Another potential area of concern is Sauna use in early pregnancy because of evidence suggesting that hyperthermia might cause birth defects  or in men undergoing fertility treatment .
Make sure you hydrate enough and replace your essential minerals if you Sauna bathe regularly.
Check with your Doctor if you are on medication or drugs, or if you are suffering from a medical condition. It may be possible that you can be on medication that can be dangerous while Sauna bathing (e.g. insulin) or that you can release past drugs that may be stored in fat tissue during your Sauna session which may bring out the same effects once again. There are also people with certain medical conditions who should avoid Sauna (e.g. brain tumors, strokes, heart attack, multiple sclerosis, silicone implants).
I hope you can find your secret weapon. In the meantime, try getting your sweat on:)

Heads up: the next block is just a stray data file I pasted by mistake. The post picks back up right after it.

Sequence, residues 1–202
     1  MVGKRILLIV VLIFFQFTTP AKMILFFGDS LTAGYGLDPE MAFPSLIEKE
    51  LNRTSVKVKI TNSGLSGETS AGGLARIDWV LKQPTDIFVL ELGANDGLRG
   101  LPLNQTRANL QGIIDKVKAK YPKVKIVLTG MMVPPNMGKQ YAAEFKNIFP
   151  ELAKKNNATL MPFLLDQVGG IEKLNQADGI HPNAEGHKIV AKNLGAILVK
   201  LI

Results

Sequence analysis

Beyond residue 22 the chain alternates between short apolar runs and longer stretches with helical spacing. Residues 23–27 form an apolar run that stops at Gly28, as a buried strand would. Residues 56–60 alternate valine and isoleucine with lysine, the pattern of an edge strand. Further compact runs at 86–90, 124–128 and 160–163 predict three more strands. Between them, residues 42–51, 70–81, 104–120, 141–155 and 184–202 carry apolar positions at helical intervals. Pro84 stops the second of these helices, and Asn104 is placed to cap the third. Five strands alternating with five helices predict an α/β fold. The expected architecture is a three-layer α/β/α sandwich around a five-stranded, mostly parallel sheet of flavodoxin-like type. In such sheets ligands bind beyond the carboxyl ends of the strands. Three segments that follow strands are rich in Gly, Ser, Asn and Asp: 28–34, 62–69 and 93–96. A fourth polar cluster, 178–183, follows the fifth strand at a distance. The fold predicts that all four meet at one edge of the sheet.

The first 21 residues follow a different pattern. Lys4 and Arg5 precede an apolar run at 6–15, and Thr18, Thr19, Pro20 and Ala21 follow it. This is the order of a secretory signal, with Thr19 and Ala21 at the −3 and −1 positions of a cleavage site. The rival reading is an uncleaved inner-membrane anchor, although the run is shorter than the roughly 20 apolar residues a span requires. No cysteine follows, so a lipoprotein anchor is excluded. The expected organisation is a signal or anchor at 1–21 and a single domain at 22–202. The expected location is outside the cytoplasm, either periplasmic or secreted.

- Crinnion, W.J. 2011. Sauna as a Valuable Clinical Tool for Cardiovascular, Autoimmune, Toxicant- induced and other Chronic Health Problems. Alternative Medicine Review.16,3(2011): 215-225.
- Hussain, J and Cohen, M. (2018).Clinical Effects of Regular Dry Sauna Bathing: A Systematic Review. Evidence-Based Complementary and Alternative Medicine.(2018):1-30.
- Soejima, Y., Munemoto, T., Msuda, A., Uwatoko, Y., Miyata, M. and Tei, C. (2015). Effects of Waon Therapy on Chronic Fatinue Syndrome: A Pilot Study. Internal Medicine.54(2015): 333-338.